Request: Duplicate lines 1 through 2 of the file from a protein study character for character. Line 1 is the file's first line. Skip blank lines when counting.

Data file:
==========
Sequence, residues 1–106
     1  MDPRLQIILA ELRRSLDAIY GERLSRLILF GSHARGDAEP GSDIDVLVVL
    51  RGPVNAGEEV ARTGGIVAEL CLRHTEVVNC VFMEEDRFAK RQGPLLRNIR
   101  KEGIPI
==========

Sequence, residues 1–106
     1  MDPRLQIILA ELRRSLDAIY GERLSRLILF GSHARGDAEP GSDIDVLVVL